In light of the FRONT ALTAIR and KOKUKA COURAGEOUS incidents this week it is likely that the remaining handful of international salvors will now up their presence in and resources from the UAE, so as to respond in the event of further attacks. Some may mobilise under responder agreements but where, as in the case of the FRONT ALTAIR, serious harm is inflicted, Lloyds Open Form is the go-to contract for both owners and salvage contractors alike.

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Firstly, LOF ensures that cargo interests contribute to the salvage award – a bonus for both claimants and hull underwriters. GA may still be declared, and so port of refuge expenses, crew, deviation, temporary repair and likely transhipment costs will be shared pro-rata to values. Early engagement of cargo receivers and charterers, as stakeholders, may also enhance the prospects of negotiating access to a suitable port of refuge.

Secondly LOF is considered a reasonablecontract for owners to enter into, automatically binding charterers and cargo. Unless owners have unlawfully deviated into a High Risk zone or fail to plan and comply with safety warnings or procedures, there should be no issues in principle between stakeholders under any contract of carriage incorporating the Hague Visby Rules or charterparty applying English law. Agreement to LOF has the less obvious but important practical benefit of ensuring that cargo and chartering interests are legally represented in London, creating in turn a forum for discussion and constructive cooperation in the hands of experienced professionals.

Past Gulf War awards and settlements are testament to the potentially high rewards payable to salvors in what tend to be high salved value cases. Applying the award criteria of article 13 of the 1989 Salvage Convention, key for the salvors will be the recognition given to a rapid mobilisation of experienced salvage and fire-fighting crew and their engagement of suitable floating assets in the locality. The latter are likely to be on enhanced daily rates under amended TOWHIRE terms but equally, in appropriate cases, an ISU Award Sharing Sub-Contract (2001) form can be agreed. Effective fire-fighting will be the main benefit conferred, followed by securing of any breach to prevent pollution and towage to a port of refuge. Subsequent cargo operations will invariably fall outside of the salvage operation but will only be permitted once salvage security has been lodged in London.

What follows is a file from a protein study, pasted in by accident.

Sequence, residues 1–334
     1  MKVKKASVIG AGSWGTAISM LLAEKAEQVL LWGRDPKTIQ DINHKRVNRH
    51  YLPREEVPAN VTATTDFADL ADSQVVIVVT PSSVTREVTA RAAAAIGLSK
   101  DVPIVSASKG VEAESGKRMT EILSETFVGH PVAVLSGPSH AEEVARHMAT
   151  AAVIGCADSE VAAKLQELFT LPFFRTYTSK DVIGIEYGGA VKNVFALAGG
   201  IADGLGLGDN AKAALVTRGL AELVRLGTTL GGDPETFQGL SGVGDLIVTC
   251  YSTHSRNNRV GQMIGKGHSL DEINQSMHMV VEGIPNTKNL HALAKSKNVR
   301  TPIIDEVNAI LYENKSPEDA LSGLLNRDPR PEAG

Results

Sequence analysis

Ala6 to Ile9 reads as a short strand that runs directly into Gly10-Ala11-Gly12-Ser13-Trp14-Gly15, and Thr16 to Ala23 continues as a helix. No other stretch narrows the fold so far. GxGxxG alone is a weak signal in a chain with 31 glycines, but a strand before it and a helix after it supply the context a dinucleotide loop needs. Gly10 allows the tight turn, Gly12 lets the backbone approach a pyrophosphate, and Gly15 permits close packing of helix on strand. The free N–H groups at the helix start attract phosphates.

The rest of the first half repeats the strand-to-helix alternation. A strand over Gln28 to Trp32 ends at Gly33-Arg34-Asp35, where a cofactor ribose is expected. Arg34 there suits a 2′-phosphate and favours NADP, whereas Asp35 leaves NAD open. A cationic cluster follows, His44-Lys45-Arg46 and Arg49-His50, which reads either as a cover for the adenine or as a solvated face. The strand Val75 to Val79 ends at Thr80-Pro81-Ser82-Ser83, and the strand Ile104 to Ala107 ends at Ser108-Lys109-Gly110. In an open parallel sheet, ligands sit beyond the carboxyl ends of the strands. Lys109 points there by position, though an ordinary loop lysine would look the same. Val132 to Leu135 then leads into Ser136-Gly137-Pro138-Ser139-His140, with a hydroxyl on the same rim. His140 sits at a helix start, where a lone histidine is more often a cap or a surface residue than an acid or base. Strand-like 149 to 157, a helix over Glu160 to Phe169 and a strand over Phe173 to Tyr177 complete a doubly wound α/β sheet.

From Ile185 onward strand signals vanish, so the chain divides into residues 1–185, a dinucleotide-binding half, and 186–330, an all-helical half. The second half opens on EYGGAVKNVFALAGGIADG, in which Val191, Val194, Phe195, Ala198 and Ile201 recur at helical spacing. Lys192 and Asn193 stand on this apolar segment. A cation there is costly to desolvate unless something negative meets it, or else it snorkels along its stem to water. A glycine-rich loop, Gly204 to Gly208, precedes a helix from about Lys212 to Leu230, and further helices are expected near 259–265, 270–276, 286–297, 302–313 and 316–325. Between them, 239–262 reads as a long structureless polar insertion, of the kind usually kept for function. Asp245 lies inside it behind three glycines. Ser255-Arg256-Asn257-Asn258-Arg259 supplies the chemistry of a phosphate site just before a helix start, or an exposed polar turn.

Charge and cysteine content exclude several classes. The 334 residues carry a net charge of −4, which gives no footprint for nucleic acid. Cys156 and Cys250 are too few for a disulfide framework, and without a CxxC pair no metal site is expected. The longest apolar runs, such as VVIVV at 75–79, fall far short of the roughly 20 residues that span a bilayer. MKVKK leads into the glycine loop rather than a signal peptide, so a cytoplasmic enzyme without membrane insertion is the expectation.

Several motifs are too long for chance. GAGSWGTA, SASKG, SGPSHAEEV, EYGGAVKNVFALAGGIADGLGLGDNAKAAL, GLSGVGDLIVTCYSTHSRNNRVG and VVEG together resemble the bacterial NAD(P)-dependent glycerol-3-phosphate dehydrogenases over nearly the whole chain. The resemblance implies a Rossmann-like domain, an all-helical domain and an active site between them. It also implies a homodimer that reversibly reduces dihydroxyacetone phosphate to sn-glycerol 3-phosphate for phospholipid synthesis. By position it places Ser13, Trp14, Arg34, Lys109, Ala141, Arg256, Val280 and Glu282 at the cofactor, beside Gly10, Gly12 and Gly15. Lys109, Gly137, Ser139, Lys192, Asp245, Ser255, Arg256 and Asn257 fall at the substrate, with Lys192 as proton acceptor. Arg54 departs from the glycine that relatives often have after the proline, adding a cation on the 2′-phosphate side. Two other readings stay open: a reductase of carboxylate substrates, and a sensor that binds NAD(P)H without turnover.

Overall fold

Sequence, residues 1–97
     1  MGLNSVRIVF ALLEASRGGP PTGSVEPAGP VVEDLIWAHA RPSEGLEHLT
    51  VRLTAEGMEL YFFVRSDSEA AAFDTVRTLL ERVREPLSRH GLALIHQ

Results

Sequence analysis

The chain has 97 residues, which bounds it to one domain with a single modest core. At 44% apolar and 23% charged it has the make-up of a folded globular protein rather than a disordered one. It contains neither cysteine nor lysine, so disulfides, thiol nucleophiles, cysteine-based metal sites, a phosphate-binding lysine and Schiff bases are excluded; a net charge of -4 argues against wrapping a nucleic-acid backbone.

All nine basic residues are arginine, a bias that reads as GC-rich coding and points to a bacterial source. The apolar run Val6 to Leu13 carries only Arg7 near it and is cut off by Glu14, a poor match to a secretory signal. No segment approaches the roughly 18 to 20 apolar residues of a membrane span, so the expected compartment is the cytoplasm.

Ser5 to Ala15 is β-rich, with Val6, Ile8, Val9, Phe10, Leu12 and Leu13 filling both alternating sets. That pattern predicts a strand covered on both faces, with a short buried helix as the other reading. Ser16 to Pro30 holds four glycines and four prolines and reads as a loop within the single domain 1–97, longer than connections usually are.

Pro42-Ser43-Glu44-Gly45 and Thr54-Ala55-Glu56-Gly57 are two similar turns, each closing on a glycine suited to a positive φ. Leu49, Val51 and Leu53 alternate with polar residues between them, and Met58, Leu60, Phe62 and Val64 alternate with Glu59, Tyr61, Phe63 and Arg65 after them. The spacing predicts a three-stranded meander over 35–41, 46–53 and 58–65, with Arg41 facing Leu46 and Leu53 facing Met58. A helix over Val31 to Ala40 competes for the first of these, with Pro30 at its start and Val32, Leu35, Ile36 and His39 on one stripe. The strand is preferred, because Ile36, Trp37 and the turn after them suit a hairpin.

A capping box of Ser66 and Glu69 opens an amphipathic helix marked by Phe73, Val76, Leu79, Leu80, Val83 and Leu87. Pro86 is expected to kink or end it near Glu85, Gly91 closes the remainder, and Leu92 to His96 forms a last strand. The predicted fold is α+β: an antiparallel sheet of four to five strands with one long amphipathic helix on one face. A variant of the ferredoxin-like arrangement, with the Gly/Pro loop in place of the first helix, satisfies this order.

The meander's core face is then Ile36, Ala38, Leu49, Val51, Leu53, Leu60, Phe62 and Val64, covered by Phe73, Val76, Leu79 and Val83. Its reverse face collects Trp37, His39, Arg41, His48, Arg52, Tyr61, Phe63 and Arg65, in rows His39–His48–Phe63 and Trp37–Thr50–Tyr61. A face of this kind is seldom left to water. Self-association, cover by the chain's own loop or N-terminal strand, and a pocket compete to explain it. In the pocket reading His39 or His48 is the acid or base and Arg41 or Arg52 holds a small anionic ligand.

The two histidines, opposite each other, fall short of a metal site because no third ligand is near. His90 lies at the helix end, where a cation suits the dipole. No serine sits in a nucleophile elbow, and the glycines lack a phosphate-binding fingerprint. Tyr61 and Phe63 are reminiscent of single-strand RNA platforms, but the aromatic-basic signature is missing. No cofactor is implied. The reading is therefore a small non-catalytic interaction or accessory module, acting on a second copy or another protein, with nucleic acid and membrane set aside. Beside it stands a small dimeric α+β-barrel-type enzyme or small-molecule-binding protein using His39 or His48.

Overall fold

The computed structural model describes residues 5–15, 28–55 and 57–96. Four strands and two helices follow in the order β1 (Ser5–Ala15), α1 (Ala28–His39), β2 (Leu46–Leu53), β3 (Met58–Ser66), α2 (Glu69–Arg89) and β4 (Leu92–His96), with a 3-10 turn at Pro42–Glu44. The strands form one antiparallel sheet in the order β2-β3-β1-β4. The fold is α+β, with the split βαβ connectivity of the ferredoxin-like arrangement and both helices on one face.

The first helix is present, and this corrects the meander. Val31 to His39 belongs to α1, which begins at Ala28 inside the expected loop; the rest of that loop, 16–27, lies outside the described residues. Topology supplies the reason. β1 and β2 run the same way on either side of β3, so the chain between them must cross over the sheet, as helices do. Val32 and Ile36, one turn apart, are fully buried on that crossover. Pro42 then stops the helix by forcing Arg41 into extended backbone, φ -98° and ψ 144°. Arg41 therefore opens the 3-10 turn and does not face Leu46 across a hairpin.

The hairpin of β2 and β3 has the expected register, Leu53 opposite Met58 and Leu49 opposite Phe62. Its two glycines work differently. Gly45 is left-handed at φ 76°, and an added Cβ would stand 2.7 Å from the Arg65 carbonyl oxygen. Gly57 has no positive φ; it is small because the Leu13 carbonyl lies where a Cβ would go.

LOF also recognises services rendered prior to agreement. Therefore where assistance has been provided by potentially competing salvors, for example boundary cooling or holding the vessel to wind or evacuating crew, the Form is entirely flexible so as to accommodate a situation where one responder is then brought under the wing of the LOF contractor, the former’s efforts forming part of the latter’s claim.  There is much merit in reducing competing claims and security demands particularly in jurisdictions that, understandably, may have little applied knowledge of salvage law and practice.  Likewise, important will be the status of the salvors and their commitment to and investment in salvage.  As such, professional salvors with international reach will invariably be awarded more than a local salvor.

A particular risk run by salvors, as seen in the FLAMINIA case, is the prospect of an extended TOWHIRE at contractor’s expense pending admission to a port of refuge: ultimately however this will be rewarded along with an acknowledgment of successful efforts to gain access to a suitable port but it may not always be the outcome that the owners of a hired-in towage vessel will have bargained for.

It seems that sub-surface mines and torpedoes have replaced the hand-fired self-propelled grenades predominantly employed in the Gulf War to disable tankers and threaten shipping lanes: the reason being that, unlike in 1987, deployment of a craft with hostile intent will be only too readily spotted and the perpetrators identifiable. Whilst the current attacks will not be so dangerous to crew in the ship’s accommodation, it is the engine room crew now most at risk during manned watches. The salvors will rightly contend that their willingness to operate in a declared JWC listed area, a High Risk and/or Marsec 1-3 areas should lead to an enhanced award. What led to awards escalating to a greatly enhanced level however in the second phase of the Gulf War conflict, was a reported attack on a salvage tug.

From the owners’ perspective, if the crew or a skeleton crew can remain on board ensuring the vessel’s own fi-fi or smothering gear is deployed and monitored, that prompt information on cargo type(s) and arrangements together with ship’s fi-fi arrangements and kit is supplied to salvors, this will help to keep a lid on the level of award. Little things such as the lowering of the accommodation ladder to allow salvage personnel to board are useful factors.  Occasionally ill-directed or non-professional efforts by responders cause more harm than good but if no crew are around to witness that, it’s possible that the LOF arbitrator, tasked with assessing the award, might not get a truly balanced view of the evidence. Finally of course, as soon as the fire is out and safe access on board is permissible, owners and cargo interests should be placing fire expert chemists on board to assess the degree of danger that would have been faced by the salved property “absent assistance”.  It is usually best that these inspections are done on a joint without prejudice basis to minimise unnecessarily conflicting expert evidence and associated costs.